Voice Magazine

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Voice Magazine

May 2019

Joshua Pollock says he’s not looking for a “lavish lifestyle,’’ but he would like to earn enough as a teacher to pay his bills and someday support a family.

But after teaching five years in the California Area School District, Washington County, he makes $39,900, and he has $80,000 in education debt.

To make ends meet, he works multiple part-time jobs, including working for fire companies and ambulance services. When his “second shift’’ ends at night, he then has to do lesson plans before going to bed.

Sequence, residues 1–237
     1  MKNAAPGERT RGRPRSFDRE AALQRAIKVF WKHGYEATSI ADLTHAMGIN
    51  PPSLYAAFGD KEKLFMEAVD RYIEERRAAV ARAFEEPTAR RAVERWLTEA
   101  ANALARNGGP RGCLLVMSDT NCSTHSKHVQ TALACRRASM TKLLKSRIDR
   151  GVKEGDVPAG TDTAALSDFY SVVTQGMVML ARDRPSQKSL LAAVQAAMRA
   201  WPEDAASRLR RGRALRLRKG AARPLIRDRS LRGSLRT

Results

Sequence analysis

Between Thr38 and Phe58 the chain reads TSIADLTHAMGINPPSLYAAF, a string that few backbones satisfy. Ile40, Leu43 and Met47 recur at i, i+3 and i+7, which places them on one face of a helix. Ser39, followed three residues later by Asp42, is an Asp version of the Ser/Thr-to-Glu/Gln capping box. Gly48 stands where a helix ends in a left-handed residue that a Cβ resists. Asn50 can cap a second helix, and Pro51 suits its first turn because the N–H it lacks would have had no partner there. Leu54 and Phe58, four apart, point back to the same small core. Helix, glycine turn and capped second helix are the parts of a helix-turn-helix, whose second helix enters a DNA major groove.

“I’m not asking for a lavish lifestyle. I am not seeking wealth,’’ said Pollock, who holds bachelor’s and master’s degrees, and an administrative certificate from the University of Pittsburgh. “I am asking for a fair living in order to be able to eat dinner at home, one night, without worrying about personal finances.’’

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Learning Lessons: Cyber Seniors

Most days, the residents of the Conestoga View Nursing & Rehabilitation facility in Lancaster don’t spend much time on the computer, or hanging out with young people. But, now, they’re getting plenty of time to do both, courtesy of the J.P. McCaskey High School Computer Club.